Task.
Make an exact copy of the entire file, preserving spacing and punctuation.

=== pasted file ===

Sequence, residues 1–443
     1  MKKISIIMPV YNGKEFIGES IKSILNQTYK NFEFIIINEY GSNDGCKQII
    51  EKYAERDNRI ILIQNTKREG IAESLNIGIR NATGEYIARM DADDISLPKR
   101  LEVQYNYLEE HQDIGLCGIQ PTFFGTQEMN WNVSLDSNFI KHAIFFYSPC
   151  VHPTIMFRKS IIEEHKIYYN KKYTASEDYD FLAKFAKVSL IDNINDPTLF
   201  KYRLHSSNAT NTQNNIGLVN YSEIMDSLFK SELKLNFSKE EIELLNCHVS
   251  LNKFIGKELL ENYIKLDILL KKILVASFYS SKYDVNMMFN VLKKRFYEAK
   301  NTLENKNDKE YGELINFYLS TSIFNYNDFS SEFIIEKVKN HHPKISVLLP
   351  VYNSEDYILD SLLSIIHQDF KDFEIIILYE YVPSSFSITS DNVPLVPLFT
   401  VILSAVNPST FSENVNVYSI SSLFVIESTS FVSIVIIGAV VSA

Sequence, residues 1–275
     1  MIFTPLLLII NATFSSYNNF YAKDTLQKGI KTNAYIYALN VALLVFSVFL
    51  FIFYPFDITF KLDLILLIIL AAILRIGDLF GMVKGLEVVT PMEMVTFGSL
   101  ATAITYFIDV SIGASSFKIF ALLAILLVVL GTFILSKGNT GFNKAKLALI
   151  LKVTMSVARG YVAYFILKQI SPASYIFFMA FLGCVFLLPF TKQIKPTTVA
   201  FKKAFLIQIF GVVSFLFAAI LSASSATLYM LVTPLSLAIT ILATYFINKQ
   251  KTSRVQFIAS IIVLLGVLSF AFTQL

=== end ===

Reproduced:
Sequence, residues 1–443
     1  MKKISIIMPV YNGKEFIGES IKSILNQTYK NFEFIIINEY GSNDGCKQII
    51  EKYAERDNRI ILIQNTKREG IAESLNIGIR NATGEYIARM DADDISLPKR
   101  LEVQYNYLEE HQDIGLCGIQ PTFFGTQEMN WNVSLDSNFI KHAIFFYSPC
   151  VHPTIMFRKS IIEEHKIYYN KKYTASEDYD FLAKFAKVSL IDNINDPTLF
   201  KYRLHSSNAT NTQNNIGLVN YSEIMDSLFK SELKLNFSKE EIELLNCHVS
   251  LNKFIGKELL ENYIKLDILL KKILVASFYS SKYDVNMMFN VLKKRFYEAK
   301  NTLENKNDKE YGELINFYLS TSIFNYNDFS SEFIIEKVKN HHPKISVLLP
   351  VYNSEDYILD SLLSIIHQDF KDFEIIILYE YVPSSFSITS DNVPLVPLFT
   401  VILSAVNPST FSENVNVYSI SSLFVIESTS FVSIVIIGAV VSA

Sequence, residues 1–275
     1  MIFTPLLLII NATFSSYNNF YAKDTLQKGI KTNAYIYALN VALLVFSVFL
    51  FIFYPFDITF KLDLILLIIL AAILRIGDLF GMVKGLEVVT PMEMVTFGSL
   101  ATAITYFIDV SIGASSFKIF ALLAILLVVL GTFILSKGNT GFNKAKLALI
   151  LKVTMSVARG YVAYFILKQI SPASYIFFMA FLGCVFLLPF TKQIKPTTVA
   201  FKKAFLIQIF GVVSFLFAAI LSASSATLYM LVTPLSLAIT ILATYFINKQ
   251  KTSRVQFIAS IIVLLGVLSF AFTQL